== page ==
Historic Preservation Midtown Planning

Good and Bad on Locust Street

by Michael R. Allen

The PW Shoe Lofts project is heading toward completion at the northeast corner of Locust and Theresa avenues in the emerging Locust Street Business District. The project is an exciting step in the connection of the Grand Center district, with its large institutions and emphasis on arts, with the Locust Street area, a more organic mix of pedestrian-scaled development. The PW Shoe Lofts is the connector between the two area, and its occupancy will do a lot to help bridge an abrupt gap.

When complete, there will be 33 loft apartments inside of the former Pedigo-Weber Shoe Factory. Albert Groves, architect of the Masonic Temple, the front buildings at City Hospital and other buildings, designed the plain, handsome building, which was built by Murch Brothers and completed in 1918. (The one-story addition dates to 1948.) The Zane Williams company, former occupant, hired Renaissance Development to develop the building and Garen Miller to design the rehab. One of the best parts of the project is that the 33 units will be served by only 15 internal parking spaces, so the project does not create too much new parking in an area that has excessive supply. The end result will be a cool, urbane housing option near St. Louis University.

However, there are a few urban design problems on this end of Locust Street. Beside the blank back wall of the Moto Museum across the street, there is a bigger gulf here: the space immediately east of the PW Shoe Lofts.

East of the PW Shoe Lofts is the vacant lot where once stood a fine two-story livery stable. St. Louis University demolished the building in 2007, after it was included in the National Register of Historic Places as part of the West Locust and Olive Streets Historic District. In the place of the livery stable, built in 1885-1889 and later remodeled as an automobile dealership, stands a pernicious auto-related use: a seldom-used parking lot serving Chaifetz Arena. East of that lot, the university and Alderwoman Marlene Davis )D-19th) vacated Josephine Baker Avenue to create an even larger urban gulf between the vibrant end of Locust Street and Midtown.

Moving east, we have a fine row of four historic buildings — two of which are owned by St. Louis University, which promises eventual rehabilitation. These are the two at left in the photograph above. At very left is a fine, broad-front automobile sales building built in 1914 and designed by Clymer & Drischler (3331-9 Locust Street). To its right is an older three-story brick building with a fine iron fire escape on its front elevation (3327-9 Locust Street). Designed by Godfrey Hirsch, this building started life as a carriage repository owned by Joseph Long. These buildings are vacant.

The other two buildings in this row are in active use. There is the refaced building with a modern front at 3323 Locust Street, first built in 1891 but altered later to keep up with the demands of tenants trying to hawk cars on Automobile Row. Its more iconic neighbor at 3321 Locust Street is the firehouse-like Underwriters Salvage Corps No. 3 building, built in 1892 and designed by K.S. Evans. That building serves as a private residence.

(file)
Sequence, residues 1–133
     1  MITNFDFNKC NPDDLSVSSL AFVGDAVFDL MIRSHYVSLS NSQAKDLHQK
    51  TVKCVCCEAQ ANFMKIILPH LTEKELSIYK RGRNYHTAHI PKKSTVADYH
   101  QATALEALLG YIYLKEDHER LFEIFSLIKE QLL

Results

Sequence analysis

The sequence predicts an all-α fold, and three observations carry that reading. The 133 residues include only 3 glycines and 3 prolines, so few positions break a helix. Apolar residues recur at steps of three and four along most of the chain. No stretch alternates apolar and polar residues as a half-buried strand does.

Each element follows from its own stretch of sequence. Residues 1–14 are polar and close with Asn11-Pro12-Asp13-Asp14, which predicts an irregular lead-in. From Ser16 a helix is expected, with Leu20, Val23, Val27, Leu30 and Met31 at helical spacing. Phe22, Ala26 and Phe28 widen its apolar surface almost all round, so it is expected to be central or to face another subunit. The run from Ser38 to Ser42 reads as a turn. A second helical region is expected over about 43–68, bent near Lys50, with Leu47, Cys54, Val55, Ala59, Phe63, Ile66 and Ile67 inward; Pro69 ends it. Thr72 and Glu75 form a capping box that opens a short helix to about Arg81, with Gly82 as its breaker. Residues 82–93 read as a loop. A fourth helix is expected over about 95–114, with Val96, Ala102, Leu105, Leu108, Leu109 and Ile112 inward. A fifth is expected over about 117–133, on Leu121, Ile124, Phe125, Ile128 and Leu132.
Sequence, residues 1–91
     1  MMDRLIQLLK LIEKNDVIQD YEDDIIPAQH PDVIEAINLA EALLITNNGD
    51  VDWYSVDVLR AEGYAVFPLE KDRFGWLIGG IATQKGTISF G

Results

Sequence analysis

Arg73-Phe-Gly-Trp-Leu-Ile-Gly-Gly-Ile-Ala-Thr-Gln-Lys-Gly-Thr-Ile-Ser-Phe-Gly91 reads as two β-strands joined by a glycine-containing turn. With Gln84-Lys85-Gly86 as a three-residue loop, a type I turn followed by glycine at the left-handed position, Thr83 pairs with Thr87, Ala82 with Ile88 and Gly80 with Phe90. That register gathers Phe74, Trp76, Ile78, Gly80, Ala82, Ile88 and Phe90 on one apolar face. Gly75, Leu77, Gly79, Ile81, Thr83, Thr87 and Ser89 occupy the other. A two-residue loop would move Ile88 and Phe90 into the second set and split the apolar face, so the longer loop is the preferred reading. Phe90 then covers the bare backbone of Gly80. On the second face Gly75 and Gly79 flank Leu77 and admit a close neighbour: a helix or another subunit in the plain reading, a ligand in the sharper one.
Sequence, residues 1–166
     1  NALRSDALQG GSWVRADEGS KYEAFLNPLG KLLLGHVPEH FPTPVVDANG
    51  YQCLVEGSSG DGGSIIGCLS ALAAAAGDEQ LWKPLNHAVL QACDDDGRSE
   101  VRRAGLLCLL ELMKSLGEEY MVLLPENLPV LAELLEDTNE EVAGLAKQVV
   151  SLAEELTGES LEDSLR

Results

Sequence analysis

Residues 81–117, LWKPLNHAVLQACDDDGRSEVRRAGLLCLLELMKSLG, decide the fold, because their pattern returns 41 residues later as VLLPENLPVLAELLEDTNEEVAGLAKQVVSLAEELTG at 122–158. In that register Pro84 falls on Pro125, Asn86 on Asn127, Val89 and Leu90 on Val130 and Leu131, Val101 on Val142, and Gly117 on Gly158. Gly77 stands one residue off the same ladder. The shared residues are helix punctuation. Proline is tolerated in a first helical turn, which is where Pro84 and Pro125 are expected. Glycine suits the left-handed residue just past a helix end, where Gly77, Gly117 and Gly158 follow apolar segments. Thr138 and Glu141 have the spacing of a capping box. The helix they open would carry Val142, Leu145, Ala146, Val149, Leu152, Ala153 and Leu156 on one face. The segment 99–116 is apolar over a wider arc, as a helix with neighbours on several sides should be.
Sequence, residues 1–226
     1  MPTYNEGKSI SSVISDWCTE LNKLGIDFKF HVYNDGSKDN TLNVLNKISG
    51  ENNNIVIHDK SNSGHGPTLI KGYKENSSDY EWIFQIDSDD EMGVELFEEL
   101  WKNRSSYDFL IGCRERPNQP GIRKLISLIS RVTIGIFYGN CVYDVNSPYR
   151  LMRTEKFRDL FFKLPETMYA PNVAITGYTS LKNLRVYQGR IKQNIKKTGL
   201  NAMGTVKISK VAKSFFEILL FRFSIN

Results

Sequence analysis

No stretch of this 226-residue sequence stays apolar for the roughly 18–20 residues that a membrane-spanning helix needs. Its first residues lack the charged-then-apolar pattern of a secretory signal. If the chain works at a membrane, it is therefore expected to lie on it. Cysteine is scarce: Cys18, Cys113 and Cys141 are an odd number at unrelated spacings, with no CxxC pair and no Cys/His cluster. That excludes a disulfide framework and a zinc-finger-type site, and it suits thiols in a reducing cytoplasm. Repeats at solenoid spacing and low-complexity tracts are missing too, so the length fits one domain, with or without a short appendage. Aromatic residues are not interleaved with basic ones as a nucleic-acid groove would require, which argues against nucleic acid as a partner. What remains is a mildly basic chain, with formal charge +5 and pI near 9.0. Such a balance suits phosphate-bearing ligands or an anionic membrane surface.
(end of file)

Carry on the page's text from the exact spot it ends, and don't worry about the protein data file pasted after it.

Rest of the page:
All in all, these four buildings showcase a breadth of age, height, material and storefront treatment common in a historic commercial district. The variety is held together by the common vocabulary of human-scaled materials and ample fenestration.

What impulse compelled St. Louis University to place a windowless monster next to these four buildings? While the university’s new library warehouse is essentially a remodeling of a building that had long lost its windows, the completion was earlier this year. The university had the choice to place this warehouse in many locations, and it chose a pivotal connecting block in a commercial district trying to renew itself. Wealthy St. Louis University could have funded any number of architectural programs on the important Locust Street elevation, but it chose to go with a forbidding, bland EIFS wall interrupted only by utilitarian steel entrance and garage doors.

Plainly, the warehouse is a disruptive force in the Locust Street Business district. The placement of dumpsters in front on the building on Locust is yet another failing. Here, the university could have invested in the pedestrian scale of Locust Street, and instead it bluntly subsumed the commercial district to its own utility — just as it did with the livery stable demolition.

Meanwhile, two blocks east, Renaissance is working on the old Kardell Motor Company Building at 3141 Locust Street and an adjacent United States Tire Company building at 3147 Locust Street. Once covered by a nasty slipcover, the old showroom’s fine glazed terra cotta has been restored. The Kardell Motor Company Building dates to 1916 and was designed by Preston J. Brashaw, while the United States Tire Company Building is the work of Stephens and Pearson. Bradshaw’s mastery of ceramic expression is concentrated here, while in larger works like the Chase Hotel, the Paul Brown Building and the Coronado Hotel it is more diffused through large brick masses. The Kardell building is an architectural cream puff, and its restoration is testament to the vision of Renaissance and other parties working to revive Locust Street.

On one block, a developer is going so far as to remove slipcovers and restore damaged terra cotta. On another, there is a new faceless warehouse. Such contradiction cries out for resolution through a sensible master plan. Much of Locust Street between Jefferson and Theresa is now listed in the National Register of Historic Places. How about design guidelines for new construction as well as rules and restraints on parking for a next step?

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